Tag Archives: Poetry

Lost in Thought, a Poem

On trying and finally accepting, the inevitable: DEATH, translated…

On the Day I Dreamt of My Mother

I’d Not Checked the Albums on My Phone to See

If the Buddha Had His Eyes Lowered

If the Background was the Mountains or the Cliffside

Don’t Lie to Me, Just, Come All Out

The Lenses, Too Worldly

Can’t Switch to that Boundary

The Mothers of Others Kept Aging

Becoming Those, Old Yams, Old Taros with the Bearded Roots

Walking Slower, No Need to Rush

Take Your Children & Grandchildren, Dragging Yourself Along that Stroller

In the Early Evenings, the Swallows Returned Back to Springtime

That Stumbling Shadow with the Back Turned Had Always Been Mistaken by Me

That It Shall Be, Returned, to that Familiar Address

The Storyline Shattered, and Crumbled Multiple Times

Slowly I Knew to Hide, so I Can Accompany This One Dream

No Need to Argue, No Need to Tell the News

God Shall Come by, the Eggshell Broken

It’s Best that You’re, Taken Hostage

And Get Hatched and Become Anything Else

What’s Meant to Come in Eventuality, the Crowds Appeared in Black-and-White, Silent in the Freeze Frames

There’s Too Much Logic Underneath the Sun

Circling Oneself, Enveloping Oneself

Using a Lock, to Escape

I am, Out

Walked in a Straight Line with My Own Mother

Don’t Clench My Hands Too Tight, Don’t Rest

And, Don’t Blink

So this is, a man’s, coping with his own mother’s, death, because, of how his mother is, almost dead, and he is finally, allowing the fact of what’s, inevitable, sink into his mind…coping with this, loss that simply can’t be, avoided.

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Filed under Awareness, Because of Love, On Death & Dying, Philosophies of Life, Poetry, Properties of Life, the Finality of Life

Meeting My Daughter Who Ran Away, a Poem

On accepting death, finally, translated…

She is My Daughter

But She, Ran Away

Perhaps, it’s the Wind, the Night Skies

The Stars, the Clouds, the Sunsets Tempting Her on

The River Flowed, the Grasses Grew

I Don’t Know How to, Call Her Back

She was My Daughter of the Past

Born, into the Night, Forgotten, by Sunrise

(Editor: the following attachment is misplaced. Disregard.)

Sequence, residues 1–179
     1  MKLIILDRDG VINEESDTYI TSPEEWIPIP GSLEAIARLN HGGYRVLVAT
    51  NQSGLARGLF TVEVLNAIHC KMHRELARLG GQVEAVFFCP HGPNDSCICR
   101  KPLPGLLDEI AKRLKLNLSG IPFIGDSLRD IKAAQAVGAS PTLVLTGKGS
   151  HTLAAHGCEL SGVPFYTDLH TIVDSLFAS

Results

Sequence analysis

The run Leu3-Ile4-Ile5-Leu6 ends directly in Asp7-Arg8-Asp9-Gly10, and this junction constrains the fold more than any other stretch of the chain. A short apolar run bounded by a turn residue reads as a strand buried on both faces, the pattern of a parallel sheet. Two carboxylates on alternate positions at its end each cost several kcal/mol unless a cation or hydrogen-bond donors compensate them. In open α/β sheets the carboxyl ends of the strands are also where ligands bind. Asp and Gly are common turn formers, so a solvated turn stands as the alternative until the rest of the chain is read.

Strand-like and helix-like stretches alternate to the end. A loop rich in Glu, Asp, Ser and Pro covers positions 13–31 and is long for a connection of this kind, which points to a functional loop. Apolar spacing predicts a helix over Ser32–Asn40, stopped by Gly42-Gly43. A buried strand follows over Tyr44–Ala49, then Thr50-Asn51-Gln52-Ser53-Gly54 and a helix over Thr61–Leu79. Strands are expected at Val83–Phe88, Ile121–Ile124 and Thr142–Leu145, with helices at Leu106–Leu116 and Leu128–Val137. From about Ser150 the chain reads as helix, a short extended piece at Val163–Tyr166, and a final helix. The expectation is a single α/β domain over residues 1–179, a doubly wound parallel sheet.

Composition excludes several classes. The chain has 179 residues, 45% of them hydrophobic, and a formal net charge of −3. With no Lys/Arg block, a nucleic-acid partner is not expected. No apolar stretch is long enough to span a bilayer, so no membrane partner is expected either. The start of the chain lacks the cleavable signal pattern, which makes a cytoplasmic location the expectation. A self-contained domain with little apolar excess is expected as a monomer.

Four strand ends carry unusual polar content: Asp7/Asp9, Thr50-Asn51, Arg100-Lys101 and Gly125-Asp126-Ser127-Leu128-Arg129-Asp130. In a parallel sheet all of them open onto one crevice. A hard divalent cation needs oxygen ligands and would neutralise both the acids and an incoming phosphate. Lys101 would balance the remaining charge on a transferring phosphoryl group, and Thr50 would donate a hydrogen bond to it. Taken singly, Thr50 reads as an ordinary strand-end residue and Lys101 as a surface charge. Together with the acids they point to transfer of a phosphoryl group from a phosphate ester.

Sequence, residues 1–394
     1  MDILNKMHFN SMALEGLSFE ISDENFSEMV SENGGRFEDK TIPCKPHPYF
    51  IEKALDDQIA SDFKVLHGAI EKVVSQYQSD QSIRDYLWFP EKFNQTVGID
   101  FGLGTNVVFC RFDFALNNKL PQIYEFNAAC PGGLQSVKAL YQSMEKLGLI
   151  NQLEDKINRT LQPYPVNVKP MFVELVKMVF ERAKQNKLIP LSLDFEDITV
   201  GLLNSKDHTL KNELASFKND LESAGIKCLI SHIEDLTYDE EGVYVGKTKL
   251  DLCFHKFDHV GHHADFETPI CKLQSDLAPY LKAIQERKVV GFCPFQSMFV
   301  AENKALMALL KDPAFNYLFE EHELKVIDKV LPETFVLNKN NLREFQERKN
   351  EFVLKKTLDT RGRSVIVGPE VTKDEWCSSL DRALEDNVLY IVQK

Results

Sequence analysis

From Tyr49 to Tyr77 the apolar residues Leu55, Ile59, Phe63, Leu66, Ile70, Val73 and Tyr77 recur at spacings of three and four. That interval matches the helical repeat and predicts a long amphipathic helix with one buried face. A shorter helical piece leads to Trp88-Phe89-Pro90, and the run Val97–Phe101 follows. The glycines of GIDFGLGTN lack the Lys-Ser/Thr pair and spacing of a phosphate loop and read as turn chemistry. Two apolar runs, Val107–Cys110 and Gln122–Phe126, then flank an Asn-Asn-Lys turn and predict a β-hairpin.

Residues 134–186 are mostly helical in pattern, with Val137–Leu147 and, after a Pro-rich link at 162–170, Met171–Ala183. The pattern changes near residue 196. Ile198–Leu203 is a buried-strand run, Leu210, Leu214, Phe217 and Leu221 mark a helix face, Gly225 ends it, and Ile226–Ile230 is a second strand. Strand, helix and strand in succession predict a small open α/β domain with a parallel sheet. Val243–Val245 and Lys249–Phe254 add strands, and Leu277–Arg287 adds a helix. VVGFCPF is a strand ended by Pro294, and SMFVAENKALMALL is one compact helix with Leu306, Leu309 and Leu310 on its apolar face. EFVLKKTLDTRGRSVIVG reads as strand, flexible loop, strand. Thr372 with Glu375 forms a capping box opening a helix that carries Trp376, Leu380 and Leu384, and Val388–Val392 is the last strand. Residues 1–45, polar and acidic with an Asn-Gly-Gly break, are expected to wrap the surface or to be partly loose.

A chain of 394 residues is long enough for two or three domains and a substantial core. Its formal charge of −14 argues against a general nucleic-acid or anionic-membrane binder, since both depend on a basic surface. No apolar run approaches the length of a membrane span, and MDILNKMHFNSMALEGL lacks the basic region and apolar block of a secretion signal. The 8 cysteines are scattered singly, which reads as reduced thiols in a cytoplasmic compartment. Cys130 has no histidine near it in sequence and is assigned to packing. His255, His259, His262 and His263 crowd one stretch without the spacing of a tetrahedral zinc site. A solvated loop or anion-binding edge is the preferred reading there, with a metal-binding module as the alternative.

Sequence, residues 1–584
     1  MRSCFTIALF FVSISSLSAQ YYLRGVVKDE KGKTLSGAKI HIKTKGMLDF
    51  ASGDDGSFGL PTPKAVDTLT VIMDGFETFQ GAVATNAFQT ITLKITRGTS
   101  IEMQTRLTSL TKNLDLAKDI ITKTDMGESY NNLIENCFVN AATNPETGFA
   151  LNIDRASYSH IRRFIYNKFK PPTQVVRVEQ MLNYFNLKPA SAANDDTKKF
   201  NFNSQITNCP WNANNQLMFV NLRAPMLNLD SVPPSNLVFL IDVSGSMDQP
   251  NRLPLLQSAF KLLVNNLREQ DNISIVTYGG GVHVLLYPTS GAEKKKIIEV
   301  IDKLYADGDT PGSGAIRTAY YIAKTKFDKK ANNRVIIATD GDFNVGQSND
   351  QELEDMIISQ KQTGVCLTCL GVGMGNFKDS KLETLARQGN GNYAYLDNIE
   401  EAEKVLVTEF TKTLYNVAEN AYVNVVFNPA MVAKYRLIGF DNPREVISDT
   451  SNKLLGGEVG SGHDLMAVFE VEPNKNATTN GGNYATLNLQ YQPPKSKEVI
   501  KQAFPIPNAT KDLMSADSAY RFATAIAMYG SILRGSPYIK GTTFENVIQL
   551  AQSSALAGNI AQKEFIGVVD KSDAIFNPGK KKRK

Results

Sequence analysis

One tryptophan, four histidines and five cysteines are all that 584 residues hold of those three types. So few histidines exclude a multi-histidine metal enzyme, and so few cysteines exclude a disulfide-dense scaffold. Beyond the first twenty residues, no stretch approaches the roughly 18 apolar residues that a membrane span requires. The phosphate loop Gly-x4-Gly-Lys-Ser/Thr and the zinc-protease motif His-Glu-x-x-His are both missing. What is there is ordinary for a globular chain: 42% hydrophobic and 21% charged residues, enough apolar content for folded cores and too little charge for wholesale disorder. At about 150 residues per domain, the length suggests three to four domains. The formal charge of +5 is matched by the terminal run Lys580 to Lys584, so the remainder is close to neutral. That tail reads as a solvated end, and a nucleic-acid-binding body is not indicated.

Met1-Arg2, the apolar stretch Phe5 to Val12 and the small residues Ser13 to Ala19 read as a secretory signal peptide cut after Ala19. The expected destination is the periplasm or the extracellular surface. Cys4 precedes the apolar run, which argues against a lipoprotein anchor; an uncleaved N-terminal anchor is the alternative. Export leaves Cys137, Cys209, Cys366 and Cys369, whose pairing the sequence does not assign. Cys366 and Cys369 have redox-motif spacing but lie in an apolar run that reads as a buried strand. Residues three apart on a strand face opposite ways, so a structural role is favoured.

She was, Never, Returned to My Side

Only Left a Letter, at that High Tower of the Ancient Times

Under the Mulberry Tree, with One Solitary Leaf Fallen Beneath it

Before, the Hooves of, a Fatigued, Steed

Maybe Time had, Never, Left

But, I’d Not Seen Her at Chang-An, Nor Taipei

The Galaxies on the Posters, in the, Nighttime Skies

My Dreams, Premeditated, an Everlasting Dance

My Daughter Who’d, Left, Did She, Venture from the Life Before, to the Next Life Already

What is She Doing Now

As the Rain Falls, the Pond Pretending to be Asleep

That White-Feathered Bird with Its Wings, Damp, Flew Across the Skies

Those Pieces of Driftwood Stood, on the Distant Mountains

Walking Down the, Unknown Paths, Did She, Hear My Calls Out to Her

From Afar

And so, this, is on death, the narrator had lost his child, and, perhaps, she’d died, just a few days after birth, but, no matter how brief the time the man had with her, he’d, already, loved her very much, and, this poem, is his process of, letting her go.

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Filed under Cost of Living, Lessons, Letting Go, Life, Loss, On Death & Dying, Parenting/Parenthood, Philosophies of Life, Properties of Life, the Finality of Life

The Deceased

Translated…

The Wind and Rain Suddenly Came in the Middle of the Nights

Hacked Hard, at the Boards in the Backyard.  As Dawn Breaks, the Sun, Seeped Through, the Cracks of the Windows

First, it was, Cohen, with His, Lower Voice, Gone, then, Wanda and Her Smiles Too.  I Was, Once Like, Their Child, Growing in Their, Happiness.  They’d, Left Some of Whom They Loved Behind, on the Vinyl Players, Some, Oxidized with the DVDs, Some, Can’t Even Remember Themselves, Slowly, Dissipated, into the Air, Touching Those Strangers they Meet on Occasions.

As My Son Lay on Me Before He Drifts to Sleep, He’d Wanted Me to be a Boat.  To Rock, to Sway Singing on, How Much Longer, Can I, Carry You?  The Small Boat Has its Own Paths, to Sail, to Vanish.  But, I Shall, Return, I Shall, Keep on, Rocking You, Be it Rain or Wind, or that, Soundless, Sunshine Through Your Windows.

And this, is on death, on how we can, keep those we’d lost in our minds, and they’re not, really gone away, after all, NOBODY can, escape, death, because you were, born once!

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Filed under Awareness, Because of Love, Coping Mechanisms, Letting Go, Life, Perspectives, Philosophies of Life, the Finality of Life, Values